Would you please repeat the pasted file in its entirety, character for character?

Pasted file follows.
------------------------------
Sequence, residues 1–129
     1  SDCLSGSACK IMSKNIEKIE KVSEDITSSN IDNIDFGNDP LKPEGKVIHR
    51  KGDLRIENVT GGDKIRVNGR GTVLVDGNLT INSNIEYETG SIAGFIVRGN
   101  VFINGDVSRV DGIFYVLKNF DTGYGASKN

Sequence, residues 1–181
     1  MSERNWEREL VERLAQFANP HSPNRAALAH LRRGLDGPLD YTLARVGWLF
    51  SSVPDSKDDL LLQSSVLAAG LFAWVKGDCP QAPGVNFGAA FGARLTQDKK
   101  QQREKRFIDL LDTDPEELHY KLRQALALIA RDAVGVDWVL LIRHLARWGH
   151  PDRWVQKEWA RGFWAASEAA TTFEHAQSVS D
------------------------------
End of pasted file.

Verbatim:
Sequence, residues 1–129
     1  SDCLSGSACK IMSKNIEKIE KVSEDITSSN IDNIDFGNDP LKPEGKVIHR
    51  KGDLRIENVT GGDKIRVNGR GTVLVDGNLT INSNIEYETG SIAGFIVRGN
   101  VFINGDVSRV DGIFYVLKNF DTGYGASKN

Sequence, residues 1–181
     1  MSERNWEREL VERLAQFANP HSPNRAALAH LRRGLDGPLD YTLARVGWLF
    51  SSVPDSKDDL LLQSSVLAAG LFAWVKGDCP QAPGVNFGAA FGARLTQDKK
   101  QQREKRFIDL LDTDPEELHY KLRQALALIA RDAVGVDWVL LIRHLARWGH
   151  PDRWVQKEWA RGFWAASEAA TTFEHAQSVS D